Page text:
Condoms for Women
The female condom is an effective method of contraception if used correctly. It also helps to protect against sexually transmitted infections.
What is the female condom?
The first female condom (Femidom®) was introduced in 1992. It is made of a soft plastic material. It fits into the vagina and lines the inside walls. It therefore forms a barrier between the man's sperm and the woman's womb.
By Ceridwen (Own work), via Wikimedia Commons
How effective is the female condom?
About 5 women in 100 will become pregnant each year if female condoms are used perfectly for contraception. Nearer to 21 women in 100 will become pregnant with normal (not perfect) usage. When no contraception is used, more than 80 out of 100 sexually active women become pregnant within one year.
Correct use means using the condom every time you have sex. It is very important to avoid any contact between the penis and the vaginal area before the condom is inserted.
How do I use a female condom?
You should read the instructions that come with the packet. The following is a general guide:
- Check the condom is within its 'use by' date.
- Use each condom only once.
- Insert the closed end of the condom into the vagina. Do this by holding the inner ring between your finger and thumb and placing it as far in the vagina as possible. Then put one or two fingers inside the condom, up to the inner ring. Then push it in the vagina as far as it will go. The outer ring should then lie against the outside of the vagina.
- Unlike the male condom, it is loose-fitting and will move during sex. If the outer ring gets pushed inside the vagina then stop and put it back in the right place.
- Make sure the penis enters the condom during sex and does not go between the condom and the wall of the vagina.
- After sex, a slight twist and pull will remove the condom. Take care not to spill any semen on to the vagina. Don't flush it down the toilet. Wrap it up and put it in a bin.
What are the advantages of the female condom?
It is easy to obtain and to use. It helps to protect against sexually transmitted infections. It may help to protect against cancer of the neck of the womb (cervix). It is less likely to split than the male condom.
It is safe for anybody to use a female condom and there are no side-effects or risks.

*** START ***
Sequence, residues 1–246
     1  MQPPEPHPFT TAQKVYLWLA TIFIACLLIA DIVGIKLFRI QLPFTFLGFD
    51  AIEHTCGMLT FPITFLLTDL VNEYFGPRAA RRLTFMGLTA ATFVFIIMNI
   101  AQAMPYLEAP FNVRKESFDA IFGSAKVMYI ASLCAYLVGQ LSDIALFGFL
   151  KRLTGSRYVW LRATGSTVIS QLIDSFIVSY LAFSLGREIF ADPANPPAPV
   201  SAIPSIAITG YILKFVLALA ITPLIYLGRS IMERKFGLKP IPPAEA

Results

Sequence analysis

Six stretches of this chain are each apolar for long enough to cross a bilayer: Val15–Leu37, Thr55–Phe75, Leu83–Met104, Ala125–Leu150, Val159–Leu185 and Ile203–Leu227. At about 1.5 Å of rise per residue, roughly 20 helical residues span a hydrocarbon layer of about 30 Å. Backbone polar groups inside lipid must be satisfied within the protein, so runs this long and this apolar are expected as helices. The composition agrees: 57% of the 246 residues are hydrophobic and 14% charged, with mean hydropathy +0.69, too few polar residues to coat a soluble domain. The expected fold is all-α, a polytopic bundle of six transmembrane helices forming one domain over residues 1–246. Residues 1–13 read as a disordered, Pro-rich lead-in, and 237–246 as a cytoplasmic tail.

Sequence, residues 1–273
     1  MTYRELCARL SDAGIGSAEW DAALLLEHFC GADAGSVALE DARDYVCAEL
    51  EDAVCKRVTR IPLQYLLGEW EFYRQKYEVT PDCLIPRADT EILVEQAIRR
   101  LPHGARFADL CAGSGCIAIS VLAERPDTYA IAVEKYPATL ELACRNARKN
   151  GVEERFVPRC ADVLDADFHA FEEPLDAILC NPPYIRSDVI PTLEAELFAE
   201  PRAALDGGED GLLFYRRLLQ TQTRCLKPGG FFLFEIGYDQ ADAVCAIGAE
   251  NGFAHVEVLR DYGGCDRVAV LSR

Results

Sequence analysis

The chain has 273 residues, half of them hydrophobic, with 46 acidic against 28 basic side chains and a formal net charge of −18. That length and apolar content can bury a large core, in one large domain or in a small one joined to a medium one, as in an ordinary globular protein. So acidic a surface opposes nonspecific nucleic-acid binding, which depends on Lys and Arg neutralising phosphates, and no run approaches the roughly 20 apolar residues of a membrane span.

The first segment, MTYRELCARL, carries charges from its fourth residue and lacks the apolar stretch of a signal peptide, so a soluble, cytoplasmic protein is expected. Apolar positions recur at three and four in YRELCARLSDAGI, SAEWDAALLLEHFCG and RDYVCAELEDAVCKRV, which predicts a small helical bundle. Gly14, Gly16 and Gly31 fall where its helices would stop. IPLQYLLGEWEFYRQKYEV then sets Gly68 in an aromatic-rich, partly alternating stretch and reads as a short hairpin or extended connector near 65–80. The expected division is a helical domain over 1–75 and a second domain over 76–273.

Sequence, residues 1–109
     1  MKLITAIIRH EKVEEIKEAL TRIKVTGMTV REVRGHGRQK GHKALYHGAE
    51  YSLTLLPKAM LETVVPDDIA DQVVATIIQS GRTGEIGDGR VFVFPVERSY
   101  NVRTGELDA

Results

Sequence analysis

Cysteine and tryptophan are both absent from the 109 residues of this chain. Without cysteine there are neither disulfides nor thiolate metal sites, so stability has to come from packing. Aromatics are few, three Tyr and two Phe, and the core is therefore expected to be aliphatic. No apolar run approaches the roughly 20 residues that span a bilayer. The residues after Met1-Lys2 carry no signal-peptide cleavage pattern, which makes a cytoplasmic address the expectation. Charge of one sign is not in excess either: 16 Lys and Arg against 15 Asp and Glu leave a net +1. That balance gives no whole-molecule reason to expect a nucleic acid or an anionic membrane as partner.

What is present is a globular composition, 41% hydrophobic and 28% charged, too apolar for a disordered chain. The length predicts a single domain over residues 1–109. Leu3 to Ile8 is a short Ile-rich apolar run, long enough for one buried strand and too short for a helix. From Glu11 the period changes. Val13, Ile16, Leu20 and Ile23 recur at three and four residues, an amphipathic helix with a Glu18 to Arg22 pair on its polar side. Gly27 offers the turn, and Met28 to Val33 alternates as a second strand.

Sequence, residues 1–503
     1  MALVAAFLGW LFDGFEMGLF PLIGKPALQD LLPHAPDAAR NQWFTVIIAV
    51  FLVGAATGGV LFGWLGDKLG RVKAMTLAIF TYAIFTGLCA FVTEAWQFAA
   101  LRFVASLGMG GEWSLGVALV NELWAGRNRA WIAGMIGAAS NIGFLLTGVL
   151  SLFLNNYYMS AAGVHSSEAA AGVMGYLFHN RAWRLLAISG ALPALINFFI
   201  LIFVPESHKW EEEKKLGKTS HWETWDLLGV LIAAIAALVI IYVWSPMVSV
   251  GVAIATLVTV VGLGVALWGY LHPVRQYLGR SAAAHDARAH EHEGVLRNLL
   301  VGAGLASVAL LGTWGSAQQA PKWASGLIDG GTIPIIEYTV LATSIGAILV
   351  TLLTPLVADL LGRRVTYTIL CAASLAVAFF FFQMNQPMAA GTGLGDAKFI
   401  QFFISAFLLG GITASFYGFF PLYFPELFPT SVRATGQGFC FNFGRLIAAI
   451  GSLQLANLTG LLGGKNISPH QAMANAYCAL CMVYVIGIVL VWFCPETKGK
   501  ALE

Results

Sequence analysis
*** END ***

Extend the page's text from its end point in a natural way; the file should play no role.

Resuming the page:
What are the disadvantages of the female condom?
It is more expensive than the male condom to buy. However, both types of condom are available for free at family planning clinics.
The outer ring may be pushed into the vagina during sex. It then becomes less effective.
Some people feel that condoms can interfere with sensation during sex.
Common errors when using a female condom
- The penis may leak sperm before the man 'comes' (ejaculates). If there is any contact with the vaginal area before the condom is inserted, the woman may become pregnant.
- The penis may go between the condom and the wall of the vagina. If the man ejaculates whilst the penis is there, the woman may become pregnant.
- If you have already had sex, there may be sperm still on the man's penis. If there is any contact with the vagina before a new condom is inserted, the woman may become pregnant.
- Damage to the condom may cause the condom to split - for example, when handled by women with sharp fingernails.
Note: if any of the above happen then you should obtain emergency contraception within 72 hours. It is more effective the sooner it is taken after sexual intercourse.
Further help & information
23-28 Penn Street, London, N1 5DL
Further reading & references
- Emergency Contraception; Faculty of Sexual and Reproductive Healthcare (2011)
- Barrier methods for contraception and STI prevention; Faculty of Sexual and Reproductive Healthcare (August 2012 - updated October 2015)
- Contraception - barrier methods and spermicides; NICE CKS, June 2012 (UK access only)
- Trussell J; Contraceptive failure in the United States, Contraception, 2011
Disclaimer: This article is for information only and should not be used for the diagnosis or treatment of medical conditions. EMIS has used all reasonable care in compiling the information but makes no warranty as to its accuracy. Consult a doctor or other healthcare professional for diagnosis and treatment of medical conditions. For details see our conditions.
Dr Tim Kenny
Dr Mary Harding
Prof Cathy Jackson